Estimating Religious Belief in High School in 1999

Surveying Students at the Illinois Math & Science Academy

The data presented below was generated in April, 1999, for my sophomore English class at the Illinois Math & Science Academy (IMSA), a residential public high school for grades 10 to 12 in Aurora, Illinois. We all had a big project to do, and I blithely decided to try to survey all 600-ish students at the school to learn about our collective religious predilections. Somehow I managed to get a third of all the students to respond to my paper survey, where they actually had to write out their own answers, and my friend and dorm-mate Saugar (today Dr. Saugar!) helped me tally all the written data into Excel so that I didn't have to stay up quite as late borrowing other people's computers. The results still interest me today.

Note that the data here is presented anonymously and in aggregate only. Despite that, this was just a high school educational exercise that never went through Institutional Review Board (IRB) review, as I didn't even know what that was at the time. Rather than being publishable data, I hope it inspires actual publishable data. Now onward to the findings!

First, the breakdown of religious belief among all the responses I received showed that about three quarters of the student population self-identified as following a particular religion back then. About one quarter of the respondents self-identified as either atheist or agnostic.

Pie chart of religious vs. non-religious students

Among just the respondents who said they followed a religion, the vast majority of them were some Christian denomination, with Hinduism, Buddhism, Judaism, Islam, Jainism, Paganism, Wiccanism, Sikhism, and Zoroastrionism rounding out the rest.

Pie chart of religious students

Teenage me questioned the authenticity of "Wiccan" responses -- I mean, other teenagers were filling this survey out for another student, so who knows how serious they all took it -- but today I just take the data for what it is.

Among the Christian students, most of the respondents were Catholic, which jives with what I understand to be a more common religion in Illinois and Chicago. A good chunk of the respondents were nondenominational or nonspecific.

Pie chart of Christian students

I was interested in seeing if going to this high school seemed to have any effects on religious belief. Of course, I had no controls, no in-depth follow-up questions, nor any guarantee of true random sampling, but I'll still take the following data for what it is: interesting.

Pie chart of sophomores' beliefs Pie chart of juniors' beliefs Pie chart of seniors' beliefs

When the data is broken up according to grade level, you can see that agnostics rise from 10% to 30% of respondents in a particular grade. Meanwhile the percents of the next two biggest groups, Christians and atheists, both go down as grade level goes up. This suggests that in high school, or at least this high school at this time, teens become more likely to say "I don't know" when it comes to religious belief. At the very least, more teens know what "agnostic" means. I wish this data could be compared to other high schools in that same period, or to the same cohorts as time passed (I did not redo this undertaking), or to IMSA today, many years later. Right now I don't know if this is a real effect of growing up, or if these groups of students just followed different fleeting religious trends that don't match up with other circumstances.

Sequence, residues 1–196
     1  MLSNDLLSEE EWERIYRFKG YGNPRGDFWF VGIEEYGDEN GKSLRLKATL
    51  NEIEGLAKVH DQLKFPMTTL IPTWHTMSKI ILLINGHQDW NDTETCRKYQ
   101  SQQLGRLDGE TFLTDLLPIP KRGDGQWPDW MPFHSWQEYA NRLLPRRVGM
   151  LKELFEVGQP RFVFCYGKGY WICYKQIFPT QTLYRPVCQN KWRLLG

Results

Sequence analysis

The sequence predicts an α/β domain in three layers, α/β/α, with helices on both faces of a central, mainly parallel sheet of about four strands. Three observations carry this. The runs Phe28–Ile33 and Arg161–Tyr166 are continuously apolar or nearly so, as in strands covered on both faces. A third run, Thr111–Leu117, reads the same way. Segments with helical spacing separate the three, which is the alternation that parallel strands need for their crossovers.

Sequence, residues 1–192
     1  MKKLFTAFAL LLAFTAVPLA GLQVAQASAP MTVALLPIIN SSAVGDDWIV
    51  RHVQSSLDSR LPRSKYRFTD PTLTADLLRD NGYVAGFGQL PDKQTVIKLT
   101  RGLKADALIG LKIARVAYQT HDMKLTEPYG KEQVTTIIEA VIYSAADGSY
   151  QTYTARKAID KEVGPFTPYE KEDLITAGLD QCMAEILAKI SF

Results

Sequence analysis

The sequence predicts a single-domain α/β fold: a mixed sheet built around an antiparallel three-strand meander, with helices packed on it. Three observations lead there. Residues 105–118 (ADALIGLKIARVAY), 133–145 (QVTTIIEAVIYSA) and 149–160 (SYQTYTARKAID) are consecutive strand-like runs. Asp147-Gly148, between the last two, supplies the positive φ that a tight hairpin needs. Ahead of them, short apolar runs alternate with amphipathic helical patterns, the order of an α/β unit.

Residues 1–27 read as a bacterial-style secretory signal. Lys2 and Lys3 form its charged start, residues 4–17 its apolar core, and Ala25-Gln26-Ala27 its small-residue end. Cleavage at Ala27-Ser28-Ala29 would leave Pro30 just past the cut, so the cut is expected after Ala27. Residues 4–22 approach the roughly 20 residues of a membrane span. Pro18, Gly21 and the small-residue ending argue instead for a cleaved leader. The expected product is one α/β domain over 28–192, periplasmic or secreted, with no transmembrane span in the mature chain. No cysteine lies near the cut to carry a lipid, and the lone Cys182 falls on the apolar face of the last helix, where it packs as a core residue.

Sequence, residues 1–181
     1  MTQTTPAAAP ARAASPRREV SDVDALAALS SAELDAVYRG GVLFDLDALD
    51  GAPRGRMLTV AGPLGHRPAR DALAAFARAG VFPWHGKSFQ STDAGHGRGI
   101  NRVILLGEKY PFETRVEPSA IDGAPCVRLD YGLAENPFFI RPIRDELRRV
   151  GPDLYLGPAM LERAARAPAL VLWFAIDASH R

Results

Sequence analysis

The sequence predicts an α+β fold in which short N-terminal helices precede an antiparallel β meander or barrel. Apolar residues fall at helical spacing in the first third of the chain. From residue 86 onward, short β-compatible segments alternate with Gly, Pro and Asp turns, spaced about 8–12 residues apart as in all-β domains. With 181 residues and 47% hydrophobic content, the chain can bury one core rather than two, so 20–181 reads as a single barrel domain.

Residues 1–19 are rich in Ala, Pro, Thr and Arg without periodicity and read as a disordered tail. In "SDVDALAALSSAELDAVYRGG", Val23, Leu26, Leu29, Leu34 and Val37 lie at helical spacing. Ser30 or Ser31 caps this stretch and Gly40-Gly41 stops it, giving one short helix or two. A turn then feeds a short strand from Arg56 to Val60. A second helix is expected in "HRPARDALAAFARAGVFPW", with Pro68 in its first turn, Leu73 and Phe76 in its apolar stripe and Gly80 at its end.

I also asked on the survey if students followed their parents' or parent's religion. Sophomores said yes at the highest rate, followed by juniors, and then seniors. That aligns with the findings above.

Charts on if students follow parents' religion

Finally I asked if students thought that IMSA affected their religious beliefs at all. These responses did not show a neat trend, with all respondents averaging out to about a 50-50 yes-no response. That suggests to me that there was no consistent effect of the school, itself, on religious belief of students. For those students who said yes, though, I gave space for respondents to explain how it affected it. They wrote many different responses that again showed no consistent pattern; some students become more religious while others became less. Mostly the comments reflected nuanced thinking about how their surroundings interact with their beliefs, or not.

Charts on if IMSA affected religious belief

You can download the data behind these charts below, if you want to take a look. Maybe one day it can be compared to someone else's investigations of high school religious belief, and we'll have more answers as to whether this was a unique snapshot of that school at that time, or if it is more generalizable in any way.


  1. Download a .zip file of my original survey data collected by hand in 1999 (all the data is anonymous)
  2. Website of the Illinois Math & Science Academy (IMSA)